Black walnut trees (Juglans nigra) are a magnet for family gatherings in autumn, when the delicious nuts they drop are treasures for children to help gather from under a blanket of golden leaves. These beautiful native trees are hardy in U.S. Department of Agriculture plant hardiness zones 4 through 9. You can propagate black walnut trees by transplanting seedlings growing under a mature tree to a site where they will have the space they need to thrive. This can be a learning activity for children, but great care is needed to avoid damaging the long taproot.
Excavating the Taproot
Water the ground thoroughly around the walnut seedling the day before you plan to move it, if the soil is not already moist.
Slice vertically through the top layer of soil to a depth of 6 or 8 inches, forming a ring about 6 inches from the trunk of the young tree. Do not pry upward with the shovel or remove any soil at this point.
Continue to loosen and remove soil from around the upper lateral roots with a trowel, being careful not to damage the vertical taproot. The goal is to remove all the soil in a 6-inch radius around the taproot to depth of at least 6 inches.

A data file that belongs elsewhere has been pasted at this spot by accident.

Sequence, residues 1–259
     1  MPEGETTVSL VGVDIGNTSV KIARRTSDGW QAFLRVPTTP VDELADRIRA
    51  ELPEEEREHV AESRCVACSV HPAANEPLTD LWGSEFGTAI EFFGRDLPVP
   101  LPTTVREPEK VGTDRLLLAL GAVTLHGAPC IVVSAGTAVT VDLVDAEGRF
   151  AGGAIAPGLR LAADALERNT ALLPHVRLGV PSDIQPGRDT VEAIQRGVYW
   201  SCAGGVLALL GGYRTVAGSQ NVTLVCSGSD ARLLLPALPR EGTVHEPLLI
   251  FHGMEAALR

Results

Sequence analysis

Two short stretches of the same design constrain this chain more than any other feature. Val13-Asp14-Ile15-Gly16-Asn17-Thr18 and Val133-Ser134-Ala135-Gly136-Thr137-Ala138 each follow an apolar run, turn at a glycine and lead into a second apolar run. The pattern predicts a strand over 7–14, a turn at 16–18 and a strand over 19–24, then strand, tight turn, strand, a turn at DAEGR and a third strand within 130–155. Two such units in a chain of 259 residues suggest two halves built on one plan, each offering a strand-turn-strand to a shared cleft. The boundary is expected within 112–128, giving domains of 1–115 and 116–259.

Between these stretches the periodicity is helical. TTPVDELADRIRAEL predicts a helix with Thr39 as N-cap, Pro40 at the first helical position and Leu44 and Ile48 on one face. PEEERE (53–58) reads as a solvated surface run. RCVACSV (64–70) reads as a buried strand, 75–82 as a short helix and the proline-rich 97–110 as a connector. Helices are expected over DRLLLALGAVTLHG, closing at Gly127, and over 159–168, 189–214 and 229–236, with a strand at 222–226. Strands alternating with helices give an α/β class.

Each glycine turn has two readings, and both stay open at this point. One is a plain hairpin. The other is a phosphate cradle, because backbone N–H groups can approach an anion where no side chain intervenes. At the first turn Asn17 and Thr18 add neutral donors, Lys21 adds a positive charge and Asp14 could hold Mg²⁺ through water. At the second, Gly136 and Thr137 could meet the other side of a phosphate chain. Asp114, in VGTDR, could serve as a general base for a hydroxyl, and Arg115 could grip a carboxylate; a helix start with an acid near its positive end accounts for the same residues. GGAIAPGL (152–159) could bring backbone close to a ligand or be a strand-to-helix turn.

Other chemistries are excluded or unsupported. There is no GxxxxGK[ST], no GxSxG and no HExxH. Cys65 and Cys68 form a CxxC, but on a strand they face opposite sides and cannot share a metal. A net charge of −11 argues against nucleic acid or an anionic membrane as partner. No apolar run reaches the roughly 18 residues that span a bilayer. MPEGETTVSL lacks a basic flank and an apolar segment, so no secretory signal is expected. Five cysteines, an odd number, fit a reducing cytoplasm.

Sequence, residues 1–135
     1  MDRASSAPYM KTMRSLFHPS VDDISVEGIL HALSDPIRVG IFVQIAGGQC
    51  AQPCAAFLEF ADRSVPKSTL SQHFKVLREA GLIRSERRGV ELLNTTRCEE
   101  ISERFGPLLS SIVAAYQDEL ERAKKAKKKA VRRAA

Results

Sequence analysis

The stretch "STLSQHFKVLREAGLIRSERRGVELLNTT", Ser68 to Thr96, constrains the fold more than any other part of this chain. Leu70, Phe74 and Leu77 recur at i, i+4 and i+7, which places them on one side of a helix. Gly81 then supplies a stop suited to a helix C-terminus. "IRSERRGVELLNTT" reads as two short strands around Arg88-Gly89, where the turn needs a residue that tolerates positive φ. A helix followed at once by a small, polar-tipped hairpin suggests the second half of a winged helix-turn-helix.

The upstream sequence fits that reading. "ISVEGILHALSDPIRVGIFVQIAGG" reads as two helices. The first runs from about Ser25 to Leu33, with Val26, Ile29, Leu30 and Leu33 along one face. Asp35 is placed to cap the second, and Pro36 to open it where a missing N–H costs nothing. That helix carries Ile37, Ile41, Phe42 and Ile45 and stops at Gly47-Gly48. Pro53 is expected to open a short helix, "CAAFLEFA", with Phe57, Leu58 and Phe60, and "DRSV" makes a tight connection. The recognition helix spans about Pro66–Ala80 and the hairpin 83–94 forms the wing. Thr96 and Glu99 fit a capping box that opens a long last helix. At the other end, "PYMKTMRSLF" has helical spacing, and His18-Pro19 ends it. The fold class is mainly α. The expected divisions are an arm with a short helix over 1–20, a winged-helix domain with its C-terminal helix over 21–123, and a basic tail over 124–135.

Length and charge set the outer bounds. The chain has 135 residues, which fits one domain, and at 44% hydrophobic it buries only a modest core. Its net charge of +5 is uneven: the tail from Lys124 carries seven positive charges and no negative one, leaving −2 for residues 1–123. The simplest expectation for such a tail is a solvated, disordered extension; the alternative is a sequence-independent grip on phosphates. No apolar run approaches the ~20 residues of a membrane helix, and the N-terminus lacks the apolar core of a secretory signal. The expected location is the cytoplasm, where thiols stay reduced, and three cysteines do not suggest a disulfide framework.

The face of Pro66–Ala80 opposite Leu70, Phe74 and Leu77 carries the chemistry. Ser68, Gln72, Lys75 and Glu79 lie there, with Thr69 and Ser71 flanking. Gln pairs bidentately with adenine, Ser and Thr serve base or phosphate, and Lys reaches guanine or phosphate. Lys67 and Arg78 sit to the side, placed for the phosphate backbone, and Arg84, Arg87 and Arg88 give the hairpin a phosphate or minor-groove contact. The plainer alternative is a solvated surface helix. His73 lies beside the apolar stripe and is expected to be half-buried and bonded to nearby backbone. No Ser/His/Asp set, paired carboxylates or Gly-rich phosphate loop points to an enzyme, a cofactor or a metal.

Fill the hole with water, and allow it to percolate before slicing further into the soil.
Slice vertically with the spade shovel into the soil in a ring around the taproot at the bottom of the hole. Form a complete ring by slicing into the soil, but do not remove any more soil at this time.
Gently begin to pry up on the taproot with the shovel from all sides. Pry a little bit at a time on all sides of the hole until the taproot is free.
Dig a hole in the new location to the depth of the excavated taproot, and as wide as the spread of any lateral roots.
Hold the seedling in the center of the hole so that the crown of the roots is even with the surrounding soil level and begin to backfill the soil into the hole. Be sure to break up any heavy clods of soil in the process. Carefully tamp the soil around the roots by hand to eliminate air pockets.
Apply a 1-inch layer of compost over the root zone, and cover with 1 to 2 inches of mulch to protect the soil. Water thoroughly.